As the quarry has been working outwards towards the boundaries, there have been a number of setback distances, I suppose is the best way of putting it, that the quarry owners have set for themselves and the community over the last 20 or 30 years. But of course as they have exhausted their internal part of the mine, they've been moving those boundaries closer and closer towards roads and residential properties, and I think at the moment from memory the boundary is about 300 metres.

The last time I spoke to residents and the quarry itself would have been earlier this year. My understanding was that residents were seeking an undertaking from the quarry on a couple of grounds. One was adequate notice of use of explosives, which I think from memory happens on Wednesdays; I could be wrong about that, but I think it is Wednesdays, usually 11 o’clock Wednesday mornings. I understand there is a—well, not a telephone tree any more, it would be—an email tree of some sort now where the quarry, or the responsible office at the quarry, sends out an alert or notice to the community saying that they will be using explosives at such and such a time.

There was an issue earlier in the year, which the quarry has owned up to, where they in fact used the incorrect explosives or the correct explosives in an incorrect way and had a much larger explosion at one time than they probably would have normally done. They confessed that that was an accident and have put in place procedures to make sure that that doesn't happen again. That caused great concern to the local community, not just in a larger than normal explosive noise but also in perceived earthshaking concerns and subsequent cracking, that people think is due to those explosions, in their homes and foundations, and also of course about dust.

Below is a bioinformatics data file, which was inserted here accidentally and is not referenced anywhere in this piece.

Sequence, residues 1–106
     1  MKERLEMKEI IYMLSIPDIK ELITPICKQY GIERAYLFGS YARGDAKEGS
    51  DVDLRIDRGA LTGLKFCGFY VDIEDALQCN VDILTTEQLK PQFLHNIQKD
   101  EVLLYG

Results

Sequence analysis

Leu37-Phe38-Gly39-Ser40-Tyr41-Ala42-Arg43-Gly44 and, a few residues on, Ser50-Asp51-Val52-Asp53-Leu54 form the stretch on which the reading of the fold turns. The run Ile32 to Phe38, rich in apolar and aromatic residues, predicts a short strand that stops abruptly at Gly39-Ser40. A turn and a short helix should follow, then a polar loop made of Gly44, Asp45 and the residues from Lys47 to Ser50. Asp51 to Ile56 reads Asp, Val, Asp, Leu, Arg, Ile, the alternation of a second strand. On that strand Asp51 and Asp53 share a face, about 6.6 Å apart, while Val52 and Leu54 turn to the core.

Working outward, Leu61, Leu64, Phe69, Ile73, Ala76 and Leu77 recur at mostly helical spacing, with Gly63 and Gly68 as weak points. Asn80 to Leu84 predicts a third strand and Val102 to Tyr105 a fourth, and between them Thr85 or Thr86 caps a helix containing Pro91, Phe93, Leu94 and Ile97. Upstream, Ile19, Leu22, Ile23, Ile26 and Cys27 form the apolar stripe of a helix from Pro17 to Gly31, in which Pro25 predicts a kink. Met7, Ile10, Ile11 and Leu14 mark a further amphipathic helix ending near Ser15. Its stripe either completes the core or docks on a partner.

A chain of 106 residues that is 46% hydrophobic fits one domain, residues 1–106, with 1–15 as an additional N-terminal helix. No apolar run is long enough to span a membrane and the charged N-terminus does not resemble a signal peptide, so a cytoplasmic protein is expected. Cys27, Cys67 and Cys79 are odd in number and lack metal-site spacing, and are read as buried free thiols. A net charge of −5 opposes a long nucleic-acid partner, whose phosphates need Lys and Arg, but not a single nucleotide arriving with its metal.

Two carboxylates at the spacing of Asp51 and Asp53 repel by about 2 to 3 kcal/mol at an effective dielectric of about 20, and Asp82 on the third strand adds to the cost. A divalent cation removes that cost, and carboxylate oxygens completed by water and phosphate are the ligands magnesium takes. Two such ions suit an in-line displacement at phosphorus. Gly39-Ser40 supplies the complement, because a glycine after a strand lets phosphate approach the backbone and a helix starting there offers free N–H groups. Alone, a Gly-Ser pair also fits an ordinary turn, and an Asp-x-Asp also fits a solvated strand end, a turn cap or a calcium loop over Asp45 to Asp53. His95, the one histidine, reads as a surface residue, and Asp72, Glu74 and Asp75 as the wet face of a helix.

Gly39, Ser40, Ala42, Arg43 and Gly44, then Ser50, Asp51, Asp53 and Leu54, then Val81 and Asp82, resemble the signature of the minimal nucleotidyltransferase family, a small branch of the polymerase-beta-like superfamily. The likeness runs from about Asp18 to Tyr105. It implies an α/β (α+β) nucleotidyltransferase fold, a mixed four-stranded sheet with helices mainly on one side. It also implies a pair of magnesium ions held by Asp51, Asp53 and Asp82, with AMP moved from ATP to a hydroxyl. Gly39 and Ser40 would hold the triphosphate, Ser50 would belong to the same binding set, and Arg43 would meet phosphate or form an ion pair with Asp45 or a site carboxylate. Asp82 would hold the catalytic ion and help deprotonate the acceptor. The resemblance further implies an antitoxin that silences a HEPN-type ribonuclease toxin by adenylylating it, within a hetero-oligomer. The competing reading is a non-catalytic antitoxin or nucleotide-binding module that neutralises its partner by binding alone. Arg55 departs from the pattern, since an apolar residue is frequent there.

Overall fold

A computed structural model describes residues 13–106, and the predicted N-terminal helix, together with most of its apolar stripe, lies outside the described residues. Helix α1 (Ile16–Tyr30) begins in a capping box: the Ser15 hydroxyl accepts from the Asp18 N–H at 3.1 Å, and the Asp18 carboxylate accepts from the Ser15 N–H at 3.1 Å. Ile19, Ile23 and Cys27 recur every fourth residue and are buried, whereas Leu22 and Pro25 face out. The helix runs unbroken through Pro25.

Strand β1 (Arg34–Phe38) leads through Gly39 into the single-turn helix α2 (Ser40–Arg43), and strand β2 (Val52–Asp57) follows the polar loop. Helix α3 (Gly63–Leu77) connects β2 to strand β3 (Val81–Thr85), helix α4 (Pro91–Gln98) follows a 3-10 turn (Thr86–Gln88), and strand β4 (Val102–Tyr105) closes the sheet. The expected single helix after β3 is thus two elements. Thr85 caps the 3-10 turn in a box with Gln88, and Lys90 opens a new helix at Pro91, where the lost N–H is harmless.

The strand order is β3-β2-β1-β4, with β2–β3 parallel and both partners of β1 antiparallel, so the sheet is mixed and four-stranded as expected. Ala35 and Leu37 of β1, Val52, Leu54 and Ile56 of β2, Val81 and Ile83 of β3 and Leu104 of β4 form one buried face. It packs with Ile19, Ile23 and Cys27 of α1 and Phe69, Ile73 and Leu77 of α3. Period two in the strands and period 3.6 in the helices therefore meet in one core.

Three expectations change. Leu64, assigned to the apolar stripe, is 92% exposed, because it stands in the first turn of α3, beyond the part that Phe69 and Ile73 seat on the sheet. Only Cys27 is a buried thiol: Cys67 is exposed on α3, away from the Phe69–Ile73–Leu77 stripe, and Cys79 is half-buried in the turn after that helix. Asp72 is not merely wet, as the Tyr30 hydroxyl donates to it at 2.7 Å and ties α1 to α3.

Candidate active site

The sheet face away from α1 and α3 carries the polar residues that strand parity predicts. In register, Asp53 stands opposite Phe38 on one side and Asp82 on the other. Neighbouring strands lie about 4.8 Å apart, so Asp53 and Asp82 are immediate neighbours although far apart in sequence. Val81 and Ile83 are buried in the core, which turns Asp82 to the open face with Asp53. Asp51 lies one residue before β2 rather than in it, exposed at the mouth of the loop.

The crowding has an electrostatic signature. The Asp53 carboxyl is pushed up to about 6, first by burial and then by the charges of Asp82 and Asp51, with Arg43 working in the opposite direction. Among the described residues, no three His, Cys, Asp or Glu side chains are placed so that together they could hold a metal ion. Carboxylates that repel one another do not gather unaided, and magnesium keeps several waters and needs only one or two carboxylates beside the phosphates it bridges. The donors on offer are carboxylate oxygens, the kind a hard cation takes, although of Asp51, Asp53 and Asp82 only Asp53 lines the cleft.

I have been down to the quarry and I have seen the large extent of the dust suppression practices put in place, which is basically putting sprinklers on top of mounds of, I suppose, topsoil and other waste that is not required and to make sure that the site is wetted down before they explode but, nonetheless, in any such situation when you are actually using explosives you will incur some inconvenience in terms of dust. They do try to factor in, as I understand it, wind direction, and if the wind direction is inappropriate then they will delay the use of explosives until it changes to such a direction that it will not cause as much concern for residents as can possibly be done.

I understand from my last discussions with the company that in order to try and meet the residential concerns they will seek to halt their southward expansion of the quarry and move in an easterly direction, which I understand from my conversations with the residents is what the residents want, that is, away from housing to the west and south and to the north. That of course has to be based on economic factors. Is the resource in the easterly direction of the same quantity and quality that they would get elsewhere? Because they are a private mine, they have an ability to take the quarry right up to the very boundary of their property, but in a gesture of good faith as operators in a heavily residential area now, they have decided to set these certain setbacks.